The hon. Gentleman also asked about paragraph 35(1)(d)(iii) on care costs. As I said to the hon. Member for Enfield, Southgate, these provisions often have something in common with previous benefits legislation. Our amendment on care costs, which the hon. Gentleman picked up on, follows the wording of section 72 of the Social Security Contributions and Benefits Act 1992. So, it has taken us a while to catch up with that wording. The intention is to make existing practice clear, and that is that only core personal care costs are covered; dignity-based help that people need if they have been incapacitated, not social care costs or peripheral costs such as arrangements for having housework or gardening done. We see the amendment as a clarification rather than a change in emphasis. I hope that that reassures the hon. Gentleman.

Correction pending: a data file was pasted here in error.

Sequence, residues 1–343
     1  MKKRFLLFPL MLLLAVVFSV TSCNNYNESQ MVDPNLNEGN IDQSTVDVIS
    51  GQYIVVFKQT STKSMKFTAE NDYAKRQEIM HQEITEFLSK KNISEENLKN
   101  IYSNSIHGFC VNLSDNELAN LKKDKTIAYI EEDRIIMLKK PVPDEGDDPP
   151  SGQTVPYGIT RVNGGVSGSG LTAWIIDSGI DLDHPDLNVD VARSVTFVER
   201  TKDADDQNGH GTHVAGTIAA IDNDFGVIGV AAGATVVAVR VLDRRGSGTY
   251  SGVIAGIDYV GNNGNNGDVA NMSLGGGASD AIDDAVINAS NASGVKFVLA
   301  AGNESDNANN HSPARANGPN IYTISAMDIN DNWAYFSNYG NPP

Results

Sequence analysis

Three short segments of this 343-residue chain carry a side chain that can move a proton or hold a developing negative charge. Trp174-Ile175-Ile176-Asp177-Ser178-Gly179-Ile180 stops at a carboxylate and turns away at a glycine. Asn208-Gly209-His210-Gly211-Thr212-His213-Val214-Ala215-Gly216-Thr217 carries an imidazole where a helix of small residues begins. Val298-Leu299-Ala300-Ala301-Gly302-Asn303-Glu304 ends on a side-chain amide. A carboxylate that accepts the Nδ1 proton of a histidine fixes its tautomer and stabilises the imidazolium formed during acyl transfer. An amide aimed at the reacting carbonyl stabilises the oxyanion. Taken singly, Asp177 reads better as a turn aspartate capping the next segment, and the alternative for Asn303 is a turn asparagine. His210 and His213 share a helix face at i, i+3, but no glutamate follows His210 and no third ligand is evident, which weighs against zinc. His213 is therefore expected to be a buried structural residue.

I think that I have answered most of the questions, and on that basis I commend the new scheme to the Committee.
Question put and agreed to.
That the Committee has considered the draft Criminal Injuries Compensation Scheme 2008.
Committee rose at twenty-four minutes past Five oclock.